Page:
(YouGov MENA)

10th June 2021

1.3 Domestic Politics » Governance



*      EUROPE

694-05 Majority (58%) of Brits Expect House Prices to Increase In the Year Ahead (Click for details)

(UK) Most recent figures show that the housing market is growing at its fastest rate in seven years – a jump of 9.5% in the year to May. Experts suggest that ‘market activity continues to be boosted by the government’s stamp duty holiday’ and that this boom period may continue as the ‘unexpected savers’ of the pandemic look to invest their extra money. Now, new YouGov tracking data shows that 58% of Brits expect prices of homes to go up in the year ahead while 21% expect them to stay about the same, and only 6% anticipate a dip. Three in five Britons expect house prices to keep rising in the next year, while only 6% believe they will fall. And half of Brits think it would be better for the country if house prices dropped.

(YouGov UK)

14Th June 2021

3.2 Economy » Consumer Confidence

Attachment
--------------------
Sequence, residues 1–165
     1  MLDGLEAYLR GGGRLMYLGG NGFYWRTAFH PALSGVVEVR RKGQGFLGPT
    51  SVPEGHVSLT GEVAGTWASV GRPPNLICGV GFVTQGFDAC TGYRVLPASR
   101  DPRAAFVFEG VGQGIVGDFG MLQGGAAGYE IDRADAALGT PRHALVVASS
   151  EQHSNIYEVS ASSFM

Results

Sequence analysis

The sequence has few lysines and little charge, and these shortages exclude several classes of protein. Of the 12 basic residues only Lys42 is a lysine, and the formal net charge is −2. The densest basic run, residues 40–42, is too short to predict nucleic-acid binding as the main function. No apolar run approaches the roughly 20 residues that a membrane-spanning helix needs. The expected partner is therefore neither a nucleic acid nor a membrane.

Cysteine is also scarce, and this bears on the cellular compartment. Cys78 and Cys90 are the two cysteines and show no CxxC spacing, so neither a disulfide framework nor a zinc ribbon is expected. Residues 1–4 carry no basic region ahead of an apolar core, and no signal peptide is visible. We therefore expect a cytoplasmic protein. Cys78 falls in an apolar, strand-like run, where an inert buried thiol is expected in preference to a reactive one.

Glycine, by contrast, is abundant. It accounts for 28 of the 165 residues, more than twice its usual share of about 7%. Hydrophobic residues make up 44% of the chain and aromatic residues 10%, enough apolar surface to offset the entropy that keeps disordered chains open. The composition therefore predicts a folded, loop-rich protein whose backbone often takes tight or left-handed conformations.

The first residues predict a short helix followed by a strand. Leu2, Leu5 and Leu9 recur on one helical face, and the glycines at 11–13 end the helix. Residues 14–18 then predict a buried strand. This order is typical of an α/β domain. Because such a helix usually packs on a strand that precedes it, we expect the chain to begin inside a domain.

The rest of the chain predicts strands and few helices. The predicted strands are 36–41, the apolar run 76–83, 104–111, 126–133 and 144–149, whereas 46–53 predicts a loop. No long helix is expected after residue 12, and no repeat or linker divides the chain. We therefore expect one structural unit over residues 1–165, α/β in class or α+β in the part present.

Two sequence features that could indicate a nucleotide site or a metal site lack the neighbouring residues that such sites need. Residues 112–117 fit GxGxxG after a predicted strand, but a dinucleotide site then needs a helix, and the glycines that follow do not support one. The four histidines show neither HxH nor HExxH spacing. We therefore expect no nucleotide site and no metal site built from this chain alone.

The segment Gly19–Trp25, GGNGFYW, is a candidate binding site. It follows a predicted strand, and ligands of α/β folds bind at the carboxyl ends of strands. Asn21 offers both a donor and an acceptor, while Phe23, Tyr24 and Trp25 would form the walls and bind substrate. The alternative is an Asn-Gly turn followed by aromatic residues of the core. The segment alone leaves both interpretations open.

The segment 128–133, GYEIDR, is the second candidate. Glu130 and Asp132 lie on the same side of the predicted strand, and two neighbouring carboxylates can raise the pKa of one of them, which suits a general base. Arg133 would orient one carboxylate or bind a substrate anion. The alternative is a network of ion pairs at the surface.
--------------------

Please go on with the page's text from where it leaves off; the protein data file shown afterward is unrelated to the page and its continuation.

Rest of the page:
695-06  One in Four Britons Receive Scam Calls, Texts and Emails Daily  (Click for Details)

Close-up of a hand holding a pen

Description automatically generated with low confidence(UK) YouGov data shows that calls, texts and emails from scammers are a daily nuisance for one in four people (25%), while another two in five (39%) say it occurs weekly. Some 17% of Britons receive scam messages and calls monthly, while only one in seven say it happens every few months (11%) or once a year or less (4%). Older Britons are the most likely to say they receive daily scam correspondence, with 31% of those aged 65+ attesting to this. This compares with 22% of 25–49-year-olds.

(YouGov UK)

11th June 2021

3.12 Economy » IT & Telecom


695-07  17% Britons Have Temporarily Cut off Contact With Their Siblings (Click for Details)

(UK) Among all types of family relations, siblings are the most likely to stop speaking to each other. One in six Britons (17%) say they have cut off contact with their brother or sister temporarily, while 7% have done so permanently. Such fallouts seem to happen later in life for many people: only 9% of 18–24-year-olds say they have temporarily stopped speaking to their sibling, compared with a fifth (19%) of those aged 25-64.  Cutting contact with a sibling is as common as pausing as a close friendship.

(YouGov UK)

10th June 2021

4.2 Society » Family